Chinese-owned TikTok has suffered a setback in its quest to be the next world-dominating social media platform. Over the holidays, the U.S. military banned all of its personnel from using the app on government-issued devices.
“It is considered a cyber threat,” Lt. Col. Robin Ochoa, an Army spokesperson, told Military.com, which broke the story on Dec. 30. “We do not allow it on government phones.” This is an about-face from just a few months ago when Army recruiters were using TikTok to recruit.
The ban follows an October 2019 call to investigate TikTok as a potential national security risk by senators Tom Cotton (R-Ark.) and Chuck Schumer (D-N.Y.). The big worry over the app is that it’s Chinese—TikTok is owned by Beijing-based ByteDance—because Chinese cybersecurity laws state that the government can request user data on demand.
ByteDance says it stores its U.S. user data in the United States (with a backup in Singapore), arguing that because of that, U.S. user data isn’t subject to Chinese law. But Chinese regimes are famously opaque, and U.S. lawmakers and military leaders are concerned that TikTok could be used to influence or surveil Americans.
The Navy and the Department of Defense have been worried about TikTok being used on government devices for a while—both entities told its members not to add the app to their phones and to delete it if they’d previously downloaded it. In November 2019, the DOD instructed employees to “uninstall TikTok to circumvent any exposure of personal information,” according to Military.com.
The ban makes sense for the military. The U.S. performs operations, covert and otherwise, all over the world, and obviously needs to keep its communications and data secure.
But should average Americans have concerns about using TikTok? And did the ongoing technology race between China and the United States—in which the two countries try relentlessly to best each other with apps, platforms, and e-comm designed for world domination—factor in to the government-led investigation of TikTok?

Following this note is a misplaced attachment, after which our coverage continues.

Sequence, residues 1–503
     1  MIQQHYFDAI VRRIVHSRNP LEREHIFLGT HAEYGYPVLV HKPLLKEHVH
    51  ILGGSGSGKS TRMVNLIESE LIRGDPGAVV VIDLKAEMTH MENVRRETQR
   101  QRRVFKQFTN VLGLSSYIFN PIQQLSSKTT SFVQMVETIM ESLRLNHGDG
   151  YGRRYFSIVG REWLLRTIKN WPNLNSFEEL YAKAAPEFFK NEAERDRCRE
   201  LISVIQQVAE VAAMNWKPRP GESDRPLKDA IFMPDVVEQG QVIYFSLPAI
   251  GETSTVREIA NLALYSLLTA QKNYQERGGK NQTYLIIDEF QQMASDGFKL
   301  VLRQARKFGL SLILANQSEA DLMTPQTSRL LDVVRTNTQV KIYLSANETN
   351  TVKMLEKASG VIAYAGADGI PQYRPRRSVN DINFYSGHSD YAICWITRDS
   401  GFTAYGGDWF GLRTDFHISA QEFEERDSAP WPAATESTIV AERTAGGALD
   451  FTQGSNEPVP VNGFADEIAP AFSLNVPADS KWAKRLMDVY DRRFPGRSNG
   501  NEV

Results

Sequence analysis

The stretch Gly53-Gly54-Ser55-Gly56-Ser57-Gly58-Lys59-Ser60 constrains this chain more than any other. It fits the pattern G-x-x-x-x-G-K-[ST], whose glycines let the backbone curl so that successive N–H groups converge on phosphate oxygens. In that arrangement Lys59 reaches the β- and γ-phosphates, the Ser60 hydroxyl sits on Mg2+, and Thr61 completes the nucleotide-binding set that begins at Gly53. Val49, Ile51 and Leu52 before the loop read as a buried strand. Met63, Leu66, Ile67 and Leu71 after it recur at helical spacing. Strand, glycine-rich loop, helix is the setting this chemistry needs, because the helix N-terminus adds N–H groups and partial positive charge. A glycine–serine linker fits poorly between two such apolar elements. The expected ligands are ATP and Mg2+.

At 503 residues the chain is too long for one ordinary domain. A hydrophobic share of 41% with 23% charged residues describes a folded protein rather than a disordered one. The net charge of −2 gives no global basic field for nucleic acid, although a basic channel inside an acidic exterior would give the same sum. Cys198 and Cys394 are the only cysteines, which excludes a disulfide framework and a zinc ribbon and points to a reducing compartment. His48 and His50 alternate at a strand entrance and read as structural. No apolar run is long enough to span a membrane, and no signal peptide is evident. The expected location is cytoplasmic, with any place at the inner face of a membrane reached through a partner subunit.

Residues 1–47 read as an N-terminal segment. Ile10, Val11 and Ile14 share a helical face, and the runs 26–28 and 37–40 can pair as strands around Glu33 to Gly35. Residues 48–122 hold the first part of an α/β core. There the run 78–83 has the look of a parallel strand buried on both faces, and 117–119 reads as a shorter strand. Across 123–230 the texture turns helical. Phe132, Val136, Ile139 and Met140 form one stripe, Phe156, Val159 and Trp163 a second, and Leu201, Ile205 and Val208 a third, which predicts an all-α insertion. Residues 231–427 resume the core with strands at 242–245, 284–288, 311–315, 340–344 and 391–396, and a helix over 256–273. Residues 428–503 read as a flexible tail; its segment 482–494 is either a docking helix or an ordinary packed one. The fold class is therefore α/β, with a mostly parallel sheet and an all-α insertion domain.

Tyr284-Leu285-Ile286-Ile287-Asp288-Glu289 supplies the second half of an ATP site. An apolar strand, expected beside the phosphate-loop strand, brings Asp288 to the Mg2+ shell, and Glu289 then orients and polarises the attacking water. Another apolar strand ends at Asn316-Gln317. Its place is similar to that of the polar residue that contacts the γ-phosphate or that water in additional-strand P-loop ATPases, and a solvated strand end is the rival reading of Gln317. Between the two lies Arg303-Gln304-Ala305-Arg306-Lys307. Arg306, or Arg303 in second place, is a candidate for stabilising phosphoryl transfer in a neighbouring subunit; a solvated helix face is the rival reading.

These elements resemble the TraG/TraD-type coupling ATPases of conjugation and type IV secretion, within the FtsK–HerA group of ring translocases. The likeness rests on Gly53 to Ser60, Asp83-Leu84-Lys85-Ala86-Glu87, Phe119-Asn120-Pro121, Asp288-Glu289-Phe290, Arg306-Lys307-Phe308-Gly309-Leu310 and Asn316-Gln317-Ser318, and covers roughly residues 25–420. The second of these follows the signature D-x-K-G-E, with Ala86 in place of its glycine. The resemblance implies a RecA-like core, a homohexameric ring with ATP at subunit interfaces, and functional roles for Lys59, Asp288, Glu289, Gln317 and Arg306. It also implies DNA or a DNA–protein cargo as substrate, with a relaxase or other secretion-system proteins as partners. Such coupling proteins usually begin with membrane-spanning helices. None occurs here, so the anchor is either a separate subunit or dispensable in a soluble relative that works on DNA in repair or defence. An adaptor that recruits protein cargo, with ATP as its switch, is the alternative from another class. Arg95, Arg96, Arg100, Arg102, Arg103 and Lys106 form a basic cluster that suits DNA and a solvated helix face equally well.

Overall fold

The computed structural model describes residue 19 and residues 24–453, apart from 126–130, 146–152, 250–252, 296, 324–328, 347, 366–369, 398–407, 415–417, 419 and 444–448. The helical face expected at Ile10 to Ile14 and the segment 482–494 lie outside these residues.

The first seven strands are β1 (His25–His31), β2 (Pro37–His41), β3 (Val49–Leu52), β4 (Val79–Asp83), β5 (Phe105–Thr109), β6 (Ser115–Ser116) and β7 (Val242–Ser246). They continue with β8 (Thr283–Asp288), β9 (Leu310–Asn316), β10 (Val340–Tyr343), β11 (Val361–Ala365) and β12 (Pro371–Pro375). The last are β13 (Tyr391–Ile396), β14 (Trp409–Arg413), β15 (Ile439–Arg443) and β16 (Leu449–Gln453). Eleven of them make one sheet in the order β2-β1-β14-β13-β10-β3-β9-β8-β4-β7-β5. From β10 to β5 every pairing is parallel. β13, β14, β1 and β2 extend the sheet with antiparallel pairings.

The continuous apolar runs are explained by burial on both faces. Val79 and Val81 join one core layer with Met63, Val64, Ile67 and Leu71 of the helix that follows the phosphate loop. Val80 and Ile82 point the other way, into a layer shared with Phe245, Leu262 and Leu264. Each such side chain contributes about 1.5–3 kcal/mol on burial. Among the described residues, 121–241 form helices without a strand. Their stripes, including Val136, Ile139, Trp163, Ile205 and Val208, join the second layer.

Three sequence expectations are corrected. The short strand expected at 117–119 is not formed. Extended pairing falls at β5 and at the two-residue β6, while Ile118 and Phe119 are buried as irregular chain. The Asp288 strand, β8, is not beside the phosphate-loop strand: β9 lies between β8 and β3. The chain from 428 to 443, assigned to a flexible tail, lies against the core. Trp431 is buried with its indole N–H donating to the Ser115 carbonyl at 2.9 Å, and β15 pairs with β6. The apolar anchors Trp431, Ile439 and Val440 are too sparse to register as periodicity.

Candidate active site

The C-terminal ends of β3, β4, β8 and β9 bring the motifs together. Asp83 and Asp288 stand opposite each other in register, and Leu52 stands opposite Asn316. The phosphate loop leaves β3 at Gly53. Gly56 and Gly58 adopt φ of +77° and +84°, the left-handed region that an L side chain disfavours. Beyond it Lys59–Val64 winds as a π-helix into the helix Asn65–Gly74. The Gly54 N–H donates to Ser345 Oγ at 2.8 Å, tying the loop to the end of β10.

The app has soared in popularity in the Western world, in the mold of Instagram before it. The New York Times reported in November that since late 2018, TikTok’s app has been downloaded “more than 750 million times, more than Facebook, Instagram, YouTube and Snapchat, according to the research firm Sensor Tower.”
But there have also been concerns over censorship. When heated protests over Chinese rule were happening in Hong Kong last year, there was little proof of it on TikTok, leading watchers to wonder if the app was being instructed to take down user content that was perceived as anti-Chinese government.
ByteDance says the Chinese government doesn’t censor its content, and a spokesperson told The New York Times that the app’s content policies “are led by a team in the United States and are not influenced by any government.”
(Photo courtesy of TikTok)
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